Here Lies the CEO: Israel's Amenity Analytics Uses AI to Uncover Hidden Truths

The startup’s tools scan news articles, financial reports, transcripts of conference calls and other texts to find things human financial analysts miss

The team of Israeli-U.S. startup Amenity Analytics
עופר וקנין

Investment houses and hedge funds employ armies of analysts to sift through tweets, media reports, quarterly earning statements and transcripts of investor conference calls. If they succeed, some seemingly obscure nugget of information could give them an edge over other investors.

The problem is the tedious and time-consuming work. Human analysts are prone to making mistakes and overlooking important details, if only due to the sheer quantity of material to digest and analyze.

Israeli-U.S. startup Amenity Analytics has a solution for speeding it all up and getting better results by employing artificial intelligence. Founded three years ago, Amenity has developed a dedicated set of data mining tools for financial documents.

“Teams of analysts follow scores of companies and read all the material they produce, and that way they can look for clues and new trends,” said Roy Penn, Amenity’s vice president for engineering.

“For example, Nvidia spoke over the course of several quarters about the gaming market and then suddenly stopped. The analysts might not notice that the company had stopped talking about it, but our system could, by analyzing previous quarters and generating insights about something suspicious.”

Penn said Amenity can even measure the reliability of CEOs, for example by whether they answer questions directly in conference calls or try to avoid them.

“We have identified approximately 50 different ways a CEO can avoid answering a question. One of our customers calls it the ‘bullshit detector,’” Penn said with a smile.

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“For instance, if a fairly honest executive, who only avoids answers 10% of the time, is suddenly lying four times as much, I would want to look at the questions that he didn’t answer. That’s critical.”

The company was formed after the two future founders were introduced to each other — CEO Nathaniel Storch, an American whose background is in finance and markets, and Prof. Ronen Feldman, an Israeli expert on data mining who is now Amenity’s chief scientist. They were joined by Feldman’s wife, Hedva, who is responsible for Amenity’s strategic relationships.

Amenity raised its first capital in August 2017 when it raised $7.6 million from a group led by Israel’s State of Mind Ventures and Intel Capital, the investment arm of the giant U.S. semiconductor maker.

Today it employs 60 people, two-thirds of them in Israel. The company doesn’t reveal its revenue figures and says that all profits are plowed back into the business to help it grow.

“Intel decided to invest in us because of Pokemon,” said Chief Product Officer Mati Cohen. “They asked us to do a project on augmented reality and how this trend was talked about in the news. Our system found that it was Nintendo that started the conversation in some article about augmented reality about a year and a half before they launched the mobile game Pokemon Go.”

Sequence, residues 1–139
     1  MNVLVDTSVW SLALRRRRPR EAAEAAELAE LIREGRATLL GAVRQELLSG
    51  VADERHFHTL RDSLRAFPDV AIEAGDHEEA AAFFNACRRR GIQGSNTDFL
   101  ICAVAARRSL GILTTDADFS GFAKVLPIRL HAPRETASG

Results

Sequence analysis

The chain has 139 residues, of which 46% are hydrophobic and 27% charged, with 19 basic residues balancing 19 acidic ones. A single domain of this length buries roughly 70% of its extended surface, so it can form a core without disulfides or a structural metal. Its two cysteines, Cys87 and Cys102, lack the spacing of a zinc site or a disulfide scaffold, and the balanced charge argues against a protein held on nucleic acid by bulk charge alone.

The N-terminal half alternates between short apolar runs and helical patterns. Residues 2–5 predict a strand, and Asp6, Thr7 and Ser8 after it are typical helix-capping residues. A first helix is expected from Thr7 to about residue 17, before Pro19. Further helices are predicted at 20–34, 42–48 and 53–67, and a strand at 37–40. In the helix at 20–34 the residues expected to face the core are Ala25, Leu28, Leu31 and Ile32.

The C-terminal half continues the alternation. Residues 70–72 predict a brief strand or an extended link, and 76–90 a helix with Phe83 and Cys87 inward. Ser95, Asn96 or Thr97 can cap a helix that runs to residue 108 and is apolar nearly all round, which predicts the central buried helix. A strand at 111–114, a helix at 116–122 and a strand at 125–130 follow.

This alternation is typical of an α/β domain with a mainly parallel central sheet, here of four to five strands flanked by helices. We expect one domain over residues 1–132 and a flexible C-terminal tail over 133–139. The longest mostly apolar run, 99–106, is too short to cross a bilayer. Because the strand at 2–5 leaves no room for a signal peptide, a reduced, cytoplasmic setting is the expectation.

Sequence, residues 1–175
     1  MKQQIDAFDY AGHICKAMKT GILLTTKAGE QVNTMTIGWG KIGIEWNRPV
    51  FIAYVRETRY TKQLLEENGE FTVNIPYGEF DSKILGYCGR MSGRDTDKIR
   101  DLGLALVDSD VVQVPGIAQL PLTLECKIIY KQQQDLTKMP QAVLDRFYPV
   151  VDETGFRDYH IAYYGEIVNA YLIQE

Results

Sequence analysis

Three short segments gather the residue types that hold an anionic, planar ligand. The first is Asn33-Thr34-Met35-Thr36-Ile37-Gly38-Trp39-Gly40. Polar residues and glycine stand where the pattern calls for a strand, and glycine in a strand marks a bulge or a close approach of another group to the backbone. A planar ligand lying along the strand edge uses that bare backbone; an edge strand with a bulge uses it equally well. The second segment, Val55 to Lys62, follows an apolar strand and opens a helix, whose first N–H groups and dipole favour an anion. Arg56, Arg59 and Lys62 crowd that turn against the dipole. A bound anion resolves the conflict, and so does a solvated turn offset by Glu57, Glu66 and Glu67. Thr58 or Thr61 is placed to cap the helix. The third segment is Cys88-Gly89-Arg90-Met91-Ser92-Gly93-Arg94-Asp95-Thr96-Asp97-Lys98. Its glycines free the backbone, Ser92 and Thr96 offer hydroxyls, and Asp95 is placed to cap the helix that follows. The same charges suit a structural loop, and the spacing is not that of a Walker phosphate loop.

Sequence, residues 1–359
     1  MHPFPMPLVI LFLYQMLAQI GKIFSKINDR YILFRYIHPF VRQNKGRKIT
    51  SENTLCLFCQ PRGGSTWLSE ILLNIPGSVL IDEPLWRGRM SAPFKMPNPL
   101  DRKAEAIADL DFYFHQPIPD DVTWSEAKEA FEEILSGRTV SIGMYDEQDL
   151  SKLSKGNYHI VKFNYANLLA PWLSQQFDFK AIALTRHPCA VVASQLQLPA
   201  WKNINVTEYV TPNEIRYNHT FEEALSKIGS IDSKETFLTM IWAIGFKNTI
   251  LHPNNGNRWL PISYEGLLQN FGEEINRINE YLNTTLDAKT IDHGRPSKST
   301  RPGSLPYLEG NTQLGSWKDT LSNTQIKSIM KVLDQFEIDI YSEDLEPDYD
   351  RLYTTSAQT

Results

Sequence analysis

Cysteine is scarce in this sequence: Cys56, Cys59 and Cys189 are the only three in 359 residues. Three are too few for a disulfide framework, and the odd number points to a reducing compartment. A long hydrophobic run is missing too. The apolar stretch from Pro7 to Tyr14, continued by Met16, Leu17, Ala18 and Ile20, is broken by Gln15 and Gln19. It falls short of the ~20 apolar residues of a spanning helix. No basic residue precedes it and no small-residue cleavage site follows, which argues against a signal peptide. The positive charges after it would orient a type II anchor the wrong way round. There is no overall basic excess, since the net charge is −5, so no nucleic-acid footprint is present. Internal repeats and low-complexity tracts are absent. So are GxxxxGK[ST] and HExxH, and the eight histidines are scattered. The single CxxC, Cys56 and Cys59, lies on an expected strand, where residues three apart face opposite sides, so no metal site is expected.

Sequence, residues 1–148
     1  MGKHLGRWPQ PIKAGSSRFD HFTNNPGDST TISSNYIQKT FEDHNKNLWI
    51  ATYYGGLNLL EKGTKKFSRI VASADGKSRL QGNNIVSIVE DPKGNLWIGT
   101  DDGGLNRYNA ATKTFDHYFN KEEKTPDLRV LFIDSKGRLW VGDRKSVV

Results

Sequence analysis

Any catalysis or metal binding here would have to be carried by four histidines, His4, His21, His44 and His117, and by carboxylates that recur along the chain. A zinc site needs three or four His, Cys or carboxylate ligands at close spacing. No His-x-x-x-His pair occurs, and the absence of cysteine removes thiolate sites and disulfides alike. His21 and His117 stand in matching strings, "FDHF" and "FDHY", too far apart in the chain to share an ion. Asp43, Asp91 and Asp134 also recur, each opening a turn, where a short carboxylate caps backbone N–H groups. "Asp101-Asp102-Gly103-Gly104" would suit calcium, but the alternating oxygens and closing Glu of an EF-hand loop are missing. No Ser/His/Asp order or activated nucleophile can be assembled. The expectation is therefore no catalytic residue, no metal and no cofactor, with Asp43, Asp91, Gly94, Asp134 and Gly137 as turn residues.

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Cohen stressed that artificial intelligence couldn’t predict when a game like Pokemon Go was due to be launched but it showed Intel what Amenity’s technology could learn text-rich material.

The company itself is sometimes called the “8200 of hedge funds,” in other words providing the same kind of high-tech intelligence the Israel Defense Force’s storied unit does.

Its customers include the Nasdaq and the credit rating agency Moody’s. “These are companies that operate like countries. They have intelligence units and big data staffs, but even they sometimes reach a dead end. That’s where we enter the picture,” said Penn.

Amenity’s system is based on natural language processing, which is concerned with the interactions between computers and human languages, including how to analyze large amounts of natural language data.

NLP engines analyze each sentence as part of a paragraph and each paragraph as part of a document, to learn the full context. At the same time, each sentence is broken into its components and analyzed syntactically and grammatically.

“In a sentence like ‘Toyota declares a recall of its most successful and best-selling care,’ most NLP engines will analyze it positively,” said Cohen. “It includes the words ‘successful’ and ‘best-selling.’ It’s a complicated sentence, but we would be able to understand that it’s a negative event for investors because it’s talking about a recall.”

Can AI understand sarcasm and metaphors? Penn said it can identify metaphors and imagery and even catch the tone of speech based on the length of an answer to a question. “Sarcasm is more difficult for it to identify, but you need to remember that we’re talking about the American financial sector — we don’t encounter almost any cynicism,” Penn said.

There are other ways a close reading of events can be put to work to the advantage of the user. For instance, if a big company fires its CEO, that would normally be taken as a negative for investors, a sign the company is failing and needs new leadership. But if the user is a financial services company, it could be good news, if it turns out the ex-CEO received a $40 million golden parachute, for example, and will need someone to manage his or her money.

The company’s next big challenge is to develop systems that can be used by smaller hedge funds and so-called family offices that manage the assets of wealthy individuals. It’s also looking at the insurance and automotive industries.